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Electrochemical synthesis of nanostructured gold film for the study of carbohydrate–lectin interactions using localized surface plasmon resonance spectroscopy

Author:
Bhattarai, Jay K., Sharma, Abeera, Fujikawa, Kohki, Demchenko, Alexei V., Stine, Keith J.
Source:
Carbohydrate research 2015 v.405 pp. 55-65
ISSN:
0008-6215
Subject:
concanavalin A, dielectric spectroscopy, electrosynthesis, gold, image analysis, mannose, nanogold, potassium, refractive index, scanning electron microscopy, surface plasmon resonance
Abstract:
Localized surface plasmon resonance (LSPR) spectroscopy is a label-free chemical and biological molecular sensing technique whose sensitivity depends upon development of nanostructured transducers. Herein, we report an electrodeposition method for fabricating nanostructured gold films (NGFs) that can be used as transducers in LSPR spectroscopy. The NGF was prepared by electrodepositing gold from potassium dicyanoaurate solution onto a flat gold surface using two sequential controlled potential steps. Imaging by scanning electron microscopy reveals a morphology consisting of randomly configured block-like nanostructures. The bulk refractive index sensitivity of the prepared NGF is 100±2nmRIU⁻¹ and the initial peak in the reflectance spectrum is at 518±1nm under N2(g). The figure of merit is 1.7. In addition, we have studied the interaction between carbohydrate (mannose) and lectin (Concanavalin A) on the NGF surface using LSPR spectroscopy by measuring the interaction of 8-mercaptooctyl-α-d-mannopyranoside (αMan-C8-SH) with Concanavalin A by first immobilizing αMan-C8-SH in mixed SAMs with 3,6-dioxa-8-mercaptooctanol (TEG-SH) on the NGF surface. The interaction of Con A with the mixed SAMs is confirmed using electrochemical impedance spectroscopy. Finally, the NGF surface was regenerated to its original sensitivity by removing the SAM and the bound biomolecules. The results from these experiments contribute toward the development of inexpensive LSPR based sensors that could be useful for studying glycan–protein interactions and other bioanalytical purposes.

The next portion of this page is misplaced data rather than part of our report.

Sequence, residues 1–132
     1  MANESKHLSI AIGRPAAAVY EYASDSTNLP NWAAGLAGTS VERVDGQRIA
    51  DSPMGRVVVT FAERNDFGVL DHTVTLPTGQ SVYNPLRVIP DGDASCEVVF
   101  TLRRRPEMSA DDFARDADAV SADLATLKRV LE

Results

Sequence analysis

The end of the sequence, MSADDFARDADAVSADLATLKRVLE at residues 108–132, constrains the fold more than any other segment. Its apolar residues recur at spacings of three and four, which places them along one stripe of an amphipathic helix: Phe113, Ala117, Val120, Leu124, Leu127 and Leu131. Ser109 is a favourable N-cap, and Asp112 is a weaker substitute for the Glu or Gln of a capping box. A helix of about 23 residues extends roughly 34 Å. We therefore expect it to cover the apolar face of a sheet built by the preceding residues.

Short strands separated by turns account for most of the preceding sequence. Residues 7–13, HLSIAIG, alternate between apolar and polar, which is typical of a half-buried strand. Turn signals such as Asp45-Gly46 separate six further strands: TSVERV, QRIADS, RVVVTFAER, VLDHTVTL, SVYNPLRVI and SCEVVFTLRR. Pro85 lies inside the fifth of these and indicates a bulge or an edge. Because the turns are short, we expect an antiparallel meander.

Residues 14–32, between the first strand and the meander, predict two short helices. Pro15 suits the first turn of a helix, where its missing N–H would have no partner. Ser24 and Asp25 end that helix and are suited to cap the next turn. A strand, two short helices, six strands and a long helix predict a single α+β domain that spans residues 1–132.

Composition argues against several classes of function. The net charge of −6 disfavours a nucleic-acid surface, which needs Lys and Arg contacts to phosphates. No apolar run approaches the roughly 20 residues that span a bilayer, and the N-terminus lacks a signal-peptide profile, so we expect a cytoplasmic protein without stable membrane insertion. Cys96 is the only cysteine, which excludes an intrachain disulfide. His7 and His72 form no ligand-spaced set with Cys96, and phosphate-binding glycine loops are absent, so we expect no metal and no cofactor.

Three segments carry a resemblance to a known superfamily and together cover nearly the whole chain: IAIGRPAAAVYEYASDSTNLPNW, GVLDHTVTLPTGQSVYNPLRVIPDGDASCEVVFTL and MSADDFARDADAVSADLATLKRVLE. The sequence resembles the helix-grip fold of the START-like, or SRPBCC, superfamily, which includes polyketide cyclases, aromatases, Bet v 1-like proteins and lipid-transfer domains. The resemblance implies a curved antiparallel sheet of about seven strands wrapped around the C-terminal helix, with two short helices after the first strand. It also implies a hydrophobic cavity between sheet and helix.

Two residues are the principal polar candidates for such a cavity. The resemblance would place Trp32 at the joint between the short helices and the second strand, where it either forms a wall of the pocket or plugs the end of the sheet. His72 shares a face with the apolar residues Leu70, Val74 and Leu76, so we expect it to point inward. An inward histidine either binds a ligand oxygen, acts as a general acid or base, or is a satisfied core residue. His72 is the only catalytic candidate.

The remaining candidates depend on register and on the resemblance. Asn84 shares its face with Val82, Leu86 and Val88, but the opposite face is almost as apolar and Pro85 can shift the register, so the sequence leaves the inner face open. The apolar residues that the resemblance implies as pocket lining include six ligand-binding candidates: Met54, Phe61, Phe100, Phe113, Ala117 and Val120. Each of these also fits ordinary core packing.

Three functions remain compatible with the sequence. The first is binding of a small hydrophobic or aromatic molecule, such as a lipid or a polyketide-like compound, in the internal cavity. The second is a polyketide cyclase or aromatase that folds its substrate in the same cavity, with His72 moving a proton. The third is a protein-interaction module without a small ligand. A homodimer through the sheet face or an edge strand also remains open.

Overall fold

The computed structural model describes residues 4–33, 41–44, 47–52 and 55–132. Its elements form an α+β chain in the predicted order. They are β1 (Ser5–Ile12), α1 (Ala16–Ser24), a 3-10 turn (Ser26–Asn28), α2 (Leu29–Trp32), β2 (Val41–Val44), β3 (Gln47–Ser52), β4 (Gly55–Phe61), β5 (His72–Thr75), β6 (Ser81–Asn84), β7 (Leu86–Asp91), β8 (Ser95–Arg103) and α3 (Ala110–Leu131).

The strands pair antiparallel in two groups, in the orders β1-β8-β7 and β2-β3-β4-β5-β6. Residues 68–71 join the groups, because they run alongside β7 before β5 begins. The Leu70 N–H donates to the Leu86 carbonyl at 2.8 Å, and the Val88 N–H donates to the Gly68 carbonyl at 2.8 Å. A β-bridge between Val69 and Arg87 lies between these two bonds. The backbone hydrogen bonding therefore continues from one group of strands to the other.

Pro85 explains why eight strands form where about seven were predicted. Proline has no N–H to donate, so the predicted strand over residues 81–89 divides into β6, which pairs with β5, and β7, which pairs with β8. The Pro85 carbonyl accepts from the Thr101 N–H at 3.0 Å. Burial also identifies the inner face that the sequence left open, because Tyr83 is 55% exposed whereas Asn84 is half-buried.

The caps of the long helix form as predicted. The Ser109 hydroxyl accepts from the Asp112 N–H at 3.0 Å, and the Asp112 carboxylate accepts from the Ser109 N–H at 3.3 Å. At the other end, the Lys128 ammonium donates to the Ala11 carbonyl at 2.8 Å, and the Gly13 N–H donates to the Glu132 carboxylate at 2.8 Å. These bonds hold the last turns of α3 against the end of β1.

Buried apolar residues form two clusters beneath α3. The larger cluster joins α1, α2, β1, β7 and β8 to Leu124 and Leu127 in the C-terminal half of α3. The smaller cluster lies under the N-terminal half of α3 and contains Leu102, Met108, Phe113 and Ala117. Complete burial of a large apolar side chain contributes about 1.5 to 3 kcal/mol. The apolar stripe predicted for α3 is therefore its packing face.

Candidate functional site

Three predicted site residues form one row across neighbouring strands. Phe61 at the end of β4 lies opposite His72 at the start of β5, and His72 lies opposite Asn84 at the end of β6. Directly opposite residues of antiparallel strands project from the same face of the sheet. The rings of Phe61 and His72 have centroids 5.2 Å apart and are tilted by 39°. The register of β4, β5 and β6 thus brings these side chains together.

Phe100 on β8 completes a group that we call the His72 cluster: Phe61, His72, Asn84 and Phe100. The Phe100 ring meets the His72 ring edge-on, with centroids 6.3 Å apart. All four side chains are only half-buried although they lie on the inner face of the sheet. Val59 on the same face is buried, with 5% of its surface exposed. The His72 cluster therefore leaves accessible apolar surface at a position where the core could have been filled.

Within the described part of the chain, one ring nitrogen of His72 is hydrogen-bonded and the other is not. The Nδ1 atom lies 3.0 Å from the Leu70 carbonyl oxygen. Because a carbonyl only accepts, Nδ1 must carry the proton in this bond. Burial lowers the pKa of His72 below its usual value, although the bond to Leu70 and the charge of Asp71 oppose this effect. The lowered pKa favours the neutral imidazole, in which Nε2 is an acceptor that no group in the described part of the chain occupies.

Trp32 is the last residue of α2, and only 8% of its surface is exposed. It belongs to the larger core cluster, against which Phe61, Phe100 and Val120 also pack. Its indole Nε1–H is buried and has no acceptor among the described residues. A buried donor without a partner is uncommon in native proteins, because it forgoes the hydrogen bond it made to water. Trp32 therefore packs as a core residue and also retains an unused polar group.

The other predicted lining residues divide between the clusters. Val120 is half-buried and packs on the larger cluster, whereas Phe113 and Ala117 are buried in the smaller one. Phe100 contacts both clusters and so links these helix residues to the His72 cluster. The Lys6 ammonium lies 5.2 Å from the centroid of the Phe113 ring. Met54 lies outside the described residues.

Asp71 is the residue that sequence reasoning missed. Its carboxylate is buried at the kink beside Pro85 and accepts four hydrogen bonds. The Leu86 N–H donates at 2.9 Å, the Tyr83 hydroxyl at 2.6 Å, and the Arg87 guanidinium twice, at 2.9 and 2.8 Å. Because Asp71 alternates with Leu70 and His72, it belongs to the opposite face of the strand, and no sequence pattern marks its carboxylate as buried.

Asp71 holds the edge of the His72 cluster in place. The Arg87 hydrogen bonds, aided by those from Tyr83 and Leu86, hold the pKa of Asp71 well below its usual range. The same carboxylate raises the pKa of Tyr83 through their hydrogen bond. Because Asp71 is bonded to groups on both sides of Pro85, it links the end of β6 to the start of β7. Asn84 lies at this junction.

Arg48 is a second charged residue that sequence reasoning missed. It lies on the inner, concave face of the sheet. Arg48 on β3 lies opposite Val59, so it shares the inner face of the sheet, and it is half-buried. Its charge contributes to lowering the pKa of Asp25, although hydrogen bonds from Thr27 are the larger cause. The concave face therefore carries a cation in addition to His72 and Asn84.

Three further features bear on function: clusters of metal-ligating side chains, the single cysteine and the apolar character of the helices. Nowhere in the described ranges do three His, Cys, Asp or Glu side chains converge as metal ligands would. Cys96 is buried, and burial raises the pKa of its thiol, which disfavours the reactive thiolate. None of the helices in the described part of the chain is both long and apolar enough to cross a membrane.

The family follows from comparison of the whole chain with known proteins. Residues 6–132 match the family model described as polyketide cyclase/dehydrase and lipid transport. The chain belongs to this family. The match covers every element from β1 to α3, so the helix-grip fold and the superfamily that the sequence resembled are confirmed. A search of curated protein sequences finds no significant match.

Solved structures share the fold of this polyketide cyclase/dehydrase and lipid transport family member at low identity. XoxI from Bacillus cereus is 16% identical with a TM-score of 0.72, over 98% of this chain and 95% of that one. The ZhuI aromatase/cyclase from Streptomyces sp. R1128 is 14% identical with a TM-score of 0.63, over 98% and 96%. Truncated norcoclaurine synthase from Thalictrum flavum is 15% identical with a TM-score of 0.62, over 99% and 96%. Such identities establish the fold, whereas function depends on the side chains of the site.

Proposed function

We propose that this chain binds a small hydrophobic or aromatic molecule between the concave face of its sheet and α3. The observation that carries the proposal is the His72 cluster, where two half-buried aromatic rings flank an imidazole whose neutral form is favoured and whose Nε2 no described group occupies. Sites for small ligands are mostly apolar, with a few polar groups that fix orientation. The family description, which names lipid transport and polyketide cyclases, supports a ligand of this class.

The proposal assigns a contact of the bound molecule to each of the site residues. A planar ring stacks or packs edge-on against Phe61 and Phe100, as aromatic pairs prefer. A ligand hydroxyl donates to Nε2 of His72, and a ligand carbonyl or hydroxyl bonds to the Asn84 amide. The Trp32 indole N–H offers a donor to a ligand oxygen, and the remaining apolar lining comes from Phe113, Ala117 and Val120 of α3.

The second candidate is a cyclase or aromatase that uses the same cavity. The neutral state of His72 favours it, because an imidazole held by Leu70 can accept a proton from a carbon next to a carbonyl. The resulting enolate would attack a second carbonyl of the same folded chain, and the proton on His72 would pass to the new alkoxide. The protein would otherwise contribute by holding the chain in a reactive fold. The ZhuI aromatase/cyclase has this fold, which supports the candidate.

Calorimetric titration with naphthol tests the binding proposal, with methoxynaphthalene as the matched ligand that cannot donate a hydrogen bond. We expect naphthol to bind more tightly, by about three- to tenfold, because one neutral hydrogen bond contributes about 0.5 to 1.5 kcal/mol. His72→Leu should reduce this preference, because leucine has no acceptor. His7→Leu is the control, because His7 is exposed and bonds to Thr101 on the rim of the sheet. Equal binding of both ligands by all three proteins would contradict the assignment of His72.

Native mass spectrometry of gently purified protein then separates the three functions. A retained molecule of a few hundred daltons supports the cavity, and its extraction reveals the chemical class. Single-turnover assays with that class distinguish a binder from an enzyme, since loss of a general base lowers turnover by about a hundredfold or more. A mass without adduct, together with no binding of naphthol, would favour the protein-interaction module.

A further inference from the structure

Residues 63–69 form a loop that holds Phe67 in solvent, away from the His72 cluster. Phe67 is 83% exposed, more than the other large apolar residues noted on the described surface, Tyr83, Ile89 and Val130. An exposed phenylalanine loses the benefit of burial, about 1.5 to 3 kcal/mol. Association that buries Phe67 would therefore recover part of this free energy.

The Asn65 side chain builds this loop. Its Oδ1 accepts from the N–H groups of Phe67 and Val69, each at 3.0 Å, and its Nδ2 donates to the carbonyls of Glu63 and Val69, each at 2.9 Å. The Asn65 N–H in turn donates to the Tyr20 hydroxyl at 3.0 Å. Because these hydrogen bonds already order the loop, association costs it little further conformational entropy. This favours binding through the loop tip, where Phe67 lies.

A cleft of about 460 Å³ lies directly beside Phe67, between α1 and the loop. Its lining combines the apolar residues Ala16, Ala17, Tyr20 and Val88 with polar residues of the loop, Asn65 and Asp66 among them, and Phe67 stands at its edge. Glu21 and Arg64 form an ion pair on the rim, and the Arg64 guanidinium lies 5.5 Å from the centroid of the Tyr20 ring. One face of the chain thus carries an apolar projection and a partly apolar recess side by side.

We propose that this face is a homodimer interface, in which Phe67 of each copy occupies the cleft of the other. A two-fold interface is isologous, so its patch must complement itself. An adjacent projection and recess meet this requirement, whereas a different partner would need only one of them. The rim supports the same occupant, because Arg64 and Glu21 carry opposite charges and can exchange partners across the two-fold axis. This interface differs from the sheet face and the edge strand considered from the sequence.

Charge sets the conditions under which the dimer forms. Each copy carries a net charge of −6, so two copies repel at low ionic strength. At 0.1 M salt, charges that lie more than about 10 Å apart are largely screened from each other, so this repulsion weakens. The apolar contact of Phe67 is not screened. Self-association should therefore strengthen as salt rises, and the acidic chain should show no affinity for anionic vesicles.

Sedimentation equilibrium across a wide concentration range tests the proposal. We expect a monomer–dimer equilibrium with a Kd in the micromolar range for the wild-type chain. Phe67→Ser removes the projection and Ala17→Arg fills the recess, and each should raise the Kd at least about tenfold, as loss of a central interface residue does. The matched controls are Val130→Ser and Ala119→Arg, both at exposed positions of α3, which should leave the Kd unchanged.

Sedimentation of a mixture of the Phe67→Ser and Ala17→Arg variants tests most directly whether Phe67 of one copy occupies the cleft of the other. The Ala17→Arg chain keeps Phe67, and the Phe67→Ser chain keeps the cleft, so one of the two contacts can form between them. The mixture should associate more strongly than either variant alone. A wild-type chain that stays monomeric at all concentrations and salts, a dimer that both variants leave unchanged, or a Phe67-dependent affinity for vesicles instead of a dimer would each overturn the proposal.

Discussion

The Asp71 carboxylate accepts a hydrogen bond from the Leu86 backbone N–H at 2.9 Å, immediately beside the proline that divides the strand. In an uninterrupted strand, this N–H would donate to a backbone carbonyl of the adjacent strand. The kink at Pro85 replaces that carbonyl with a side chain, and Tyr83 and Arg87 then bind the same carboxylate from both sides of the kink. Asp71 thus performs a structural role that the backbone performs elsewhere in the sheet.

Agid:
6021947